A spine-tingling collection of ghost storiesWhen a boy finds himself drawn into an empty house one cold night, he enters a room in which twelve unusual-looking people sit around a table. And the thirteenth chair is pulled out for him.One by one, each of those assembled tells their ownghost story: tales of doom and death; of ghostly creatures and malevolent spirits; of revenge and reward. It is only at the end of the night that the boy starts to understand what story he must tell . . .
|Product dimensions:||5.25(w) x 8.00(h) x (d)|
|Age Range:||12 - 18 Years|
About the Author
Dave Shelton is the creator of the comic strip GOOD DOG, BAD DOG. His debut novel for children, A BOY AND A BEAR IN A BOAT, was shortlisted for numerous awards in the United Kingdom and won the Branford Boase Awardan award given to an outstanding children’s or young adult novel by a first-time writer. He lives in Leicester, England with family. You can visit him online at http://www.daveshelton.com/.
Read an Excerpt
From THIRTEEN CHAIRS:Jack stands in the dark on the landing of the old house, and looks at his feet. He is outside the last of three doors, the one that is underlined with flickering light. He doesn't move. He stares down at the twin crescents of light reflecting on the toes of his shoes. He looks at the thin highlights along the edges of the bare floorboards and at the pattern of the grain in the wood in the pale puddle of light that leaks under the door. He has been here for minutes, his hand on the door handle, debating whether or not to go in. Common sense insists that he must not, because there is no way of knowing what might be inside. But curiosity insists the opposite, for the same reason.And Jack is a curious boy.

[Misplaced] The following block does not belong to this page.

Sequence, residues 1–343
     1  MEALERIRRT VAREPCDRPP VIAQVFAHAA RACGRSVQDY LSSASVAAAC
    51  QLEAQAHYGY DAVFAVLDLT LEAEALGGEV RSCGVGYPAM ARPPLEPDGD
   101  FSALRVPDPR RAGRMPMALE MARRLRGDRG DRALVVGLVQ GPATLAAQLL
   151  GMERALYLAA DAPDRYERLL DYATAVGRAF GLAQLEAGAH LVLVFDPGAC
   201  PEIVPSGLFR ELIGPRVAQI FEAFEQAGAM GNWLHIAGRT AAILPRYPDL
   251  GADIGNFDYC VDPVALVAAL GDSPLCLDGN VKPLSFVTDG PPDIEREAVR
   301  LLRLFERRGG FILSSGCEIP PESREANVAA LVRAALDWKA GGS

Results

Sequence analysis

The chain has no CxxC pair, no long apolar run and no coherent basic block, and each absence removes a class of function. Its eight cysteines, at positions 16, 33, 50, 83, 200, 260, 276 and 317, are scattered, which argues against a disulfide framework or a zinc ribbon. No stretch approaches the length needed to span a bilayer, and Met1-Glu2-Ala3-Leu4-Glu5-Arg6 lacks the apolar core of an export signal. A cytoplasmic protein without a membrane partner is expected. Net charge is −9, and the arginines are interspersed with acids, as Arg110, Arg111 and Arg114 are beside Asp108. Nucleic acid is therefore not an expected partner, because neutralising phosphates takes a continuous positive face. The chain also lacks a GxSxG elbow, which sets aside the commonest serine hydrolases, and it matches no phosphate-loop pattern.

Most Helpful Customer Reviews
Thirteen Chairs, by Dave Shelton, is a bone chilling book that is made up of thirteen short bone chilling stories. Unlike some other books however, Thirteen Chairs ties each of those shorter stories into one larger story. It is about a boy named Jack that finds himself in an old, mysterious, abandoned house. In this house, Jack finds a room with twelve other people waiting for him, thirteen candles, and thirteen chairs (Hence the name of the book). Jack is a curious boy, so he sits down in the circle of chairs and listens to the twelve others each tell their very own stories, and subsequently blowing out the candles placed in front of them. As each person goes on, telling their spooky stories, Jack is left wondering what he should tell the others when it comes to be his turn to speak. Thirteen Chairs was a quick and easy read. This did not make it boring though. Shelton uses simple language to tell a story that kept me interested and reading on and on. While the book overall was good, some of the stories could be predictable, or just not scary. This was not a problem with most of the stories though. The book had a twist ending, but for those who read closely, the end was hinted at for some time before it was actually revealed. One thing I disliked about the book, was its lack of connect ability. Jack is given an age and is said to be curious, but besides for that, there isn’t really much to connect with him. The same can be said for the other characters in the book, except with even vaguer ages. Dave Shelton has written five books in total, with Thirteen Chairs being his most recent publication in 2014. His other books all receive decent ratings, mostly around 3.5 stars out of five. I personally have not read them, so I can’t personally judge the whether or not they are any good, but if they are anything like Thirteen Chairs, I would probably enjoy reading them as well. Overall, I definitely would recommend this to anyone who wants a quick read that is sure to give you the chills. This book has its stronger points and its weaker points, but it was a fun and interesting book that grabbed my attention for hours at a time, and I think deserves some recognition.
Loved this. Very different with a surprise ending!
This was well put together. Interesting stories.
It started off as a very interesting book, and I loved the stories, but it soon becomes obvious that they all follow a similar pattern, so they became pretty boring. There also isn't very much story around the characters telling the stories. I thought that the final story would be something incredible or surprising, but it wasn't. Overall, it was good at first, but it slowly wavered and became boring instead.